living shorelineThe purpose of this shoreline, as is with many others, is to stabilize the shoreline while providing native habitat for animals.  To create this habitat the beach will be planted with native grasses; Saltmeadow Cordgrass (Spartina patens) in the areas that are above the high tide line and Smooth Cordgrass (Spartina alterniflora) in the areas that get flooded with the tides. There will also likely be some woody shrubs added such as High Tide Bush (Baccharis halimifolia).

What is currently being done at Cheston Point is just the beginning of a larger project to create living shoreline all along the point.  The first section of the shoreline is expected to be completed in approximately one month and plants will be added 6 months to a year after the conclusion of the work to allow the sand and stone to settle.

The Cheston Point project is an example of what can happen when two very large organizations work together to build a shoreline, however similar projects can be completed by homeowners associations and even private homeowners.  An example of a project being completed by a private homeowner can be found in Popham Creek.  Here the homeowner has a severely eroding shoreline and sought to build her own living shoreline. She received an interest-free loan from Maryland Department of Natural Resources and a grant from the Chesapeake Bay Trust for about 25% of the total cost. West/Rhode Riverkeeper is pleased to partner with the homeowner, and is serving as the fiscal agent (to manage the grant).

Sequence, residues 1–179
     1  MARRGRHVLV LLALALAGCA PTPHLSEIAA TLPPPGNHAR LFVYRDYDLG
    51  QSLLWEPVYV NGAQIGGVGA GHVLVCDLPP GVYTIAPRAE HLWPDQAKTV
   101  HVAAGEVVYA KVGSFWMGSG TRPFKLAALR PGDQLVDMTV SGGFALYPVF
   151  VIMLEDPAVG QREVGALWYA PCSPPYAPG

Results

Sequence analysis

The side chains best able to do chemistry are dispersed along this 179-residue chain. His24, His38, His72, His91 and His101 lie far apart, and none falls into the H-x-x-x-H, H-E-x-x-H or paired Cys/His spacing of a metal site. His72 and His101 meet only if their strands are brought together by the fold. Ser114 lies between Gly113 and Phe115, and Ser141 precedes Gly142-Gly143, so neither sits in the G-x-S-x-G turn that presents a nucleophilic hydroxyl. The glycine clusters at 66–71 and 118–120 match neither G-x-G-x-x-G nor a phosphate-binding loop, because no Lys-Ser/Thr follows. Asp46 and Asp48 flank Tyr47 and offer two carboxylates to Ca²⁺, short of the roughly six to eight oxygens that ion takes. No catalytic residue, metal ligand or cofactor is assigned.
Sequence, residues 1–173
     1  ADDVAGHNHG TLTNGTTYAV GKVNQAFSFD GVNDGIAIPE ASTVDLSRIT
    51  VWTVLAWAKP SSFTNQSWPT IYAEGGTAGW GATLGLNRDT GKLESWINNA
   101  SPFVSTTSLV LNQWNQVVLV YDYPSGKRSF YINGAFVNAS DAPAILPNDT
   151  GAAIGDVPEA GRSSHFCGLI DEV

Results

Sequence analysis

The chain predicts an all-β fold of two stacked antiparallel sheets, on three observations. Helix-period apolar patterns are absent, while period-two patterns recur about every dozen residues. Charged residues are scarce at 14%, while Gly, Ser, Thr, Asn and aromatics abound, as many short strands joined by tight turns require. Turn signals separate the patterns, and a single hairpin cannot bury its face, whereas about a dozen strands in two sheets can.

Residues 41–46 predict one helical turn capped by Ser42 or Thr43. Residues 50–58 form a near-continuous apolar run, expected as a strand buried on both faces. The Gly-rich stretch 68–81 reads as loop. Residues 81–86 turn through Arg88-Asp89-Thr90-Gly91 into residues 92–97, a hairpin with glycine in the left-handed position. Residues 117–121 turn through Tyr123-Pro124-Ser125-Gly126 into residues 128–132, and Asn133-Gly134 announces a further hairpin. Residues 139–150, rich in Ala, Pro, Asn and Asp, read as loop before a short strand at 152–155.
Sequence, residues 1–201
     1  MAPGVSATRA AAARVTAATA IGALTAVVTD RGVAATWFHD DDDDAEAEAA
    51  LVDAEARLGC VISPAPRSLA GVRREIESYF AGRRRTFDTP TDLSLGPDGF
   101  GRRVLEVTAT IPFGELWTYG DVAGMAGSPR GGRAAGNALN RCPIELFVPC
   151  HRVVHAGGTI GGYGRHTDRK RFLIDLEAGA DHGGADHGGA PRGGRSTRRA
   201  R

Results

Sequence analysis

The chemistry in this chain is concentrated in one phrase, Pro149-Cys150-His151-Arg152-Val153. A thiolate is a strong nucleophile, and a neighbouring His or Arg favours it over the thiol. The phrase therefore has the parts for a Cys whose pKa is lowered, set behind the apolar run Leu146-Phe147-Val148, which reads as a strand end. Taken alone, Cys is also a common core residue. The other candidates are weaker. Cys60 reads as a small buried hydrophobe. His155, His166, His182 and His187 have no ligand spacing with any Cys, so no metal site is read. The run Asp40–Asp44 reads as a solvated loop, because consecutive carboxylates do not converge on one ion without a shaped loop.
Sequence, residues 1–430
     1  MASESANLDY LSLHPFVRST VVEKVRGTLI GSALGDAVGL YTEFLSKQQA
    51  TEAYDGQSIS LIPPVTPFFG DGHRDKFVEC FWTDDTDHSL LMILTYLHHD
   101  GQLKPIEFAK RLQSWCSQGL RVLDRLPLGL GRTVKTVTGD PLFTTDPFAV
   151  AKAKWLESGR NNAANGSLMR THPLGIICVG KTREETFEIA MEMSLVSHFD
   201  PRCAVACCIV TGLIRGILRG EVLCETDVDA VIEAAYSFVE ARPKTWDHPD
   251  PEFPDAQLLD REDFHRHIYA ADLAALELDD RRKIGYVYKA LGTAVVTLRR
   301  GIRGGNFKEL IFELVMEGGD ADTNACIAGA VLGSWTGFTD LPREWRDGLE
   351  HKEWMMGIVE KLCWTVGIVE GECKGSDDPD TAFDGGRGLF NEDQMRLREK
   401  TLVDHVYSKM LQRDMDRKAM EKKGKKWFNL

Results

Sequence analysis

Converting eroding shoreline or hard, bulkheaded areas to living shorelines can improve water quality and habitat. Living shorelines work to reduce resuspension of sediment by making the wave energy spread throughout a gently sloping shoreline and among all the plants that are growing on it.  This is very different from the use of bulkheads, which sharply reflect wave energy away from them and allow that energy to stir up sediment, reducing the ability of underwater grasses to take hold and grow.

These financial resources are available for everyone to take advantage of and West/Rhode Riverkeeper supports private efforts to improve the shoreline environment.  If living shorelines were widely adopted throughout the Rivers and Chesapeake Bay, fish, crabs and underwater grasses would be a lot healthier and a lot happy.  Lets all start to think what we can do to get the healthy rivers that we deserve.

Resources: 

Here is where you can find some great information on living shorelines in a hand-out created by the Chesapeake Bay Foundation. http://www.cbf.org/Document.Doc?id=60

For some ideas of what you could do with your own shoreline check out this decision tree: http://www.ccrm.vims.edu/decisiontree/index.html.  This tree is a great way to think about what you and your neighbors may be able to do with old bulkheads or rip rap to build a more environmentally friendly structure.

To find out how to apply for your own living shoreline project you can look at DNR’s website here: http://www.dnr.state.md.us/ccp/sec/secforms.asp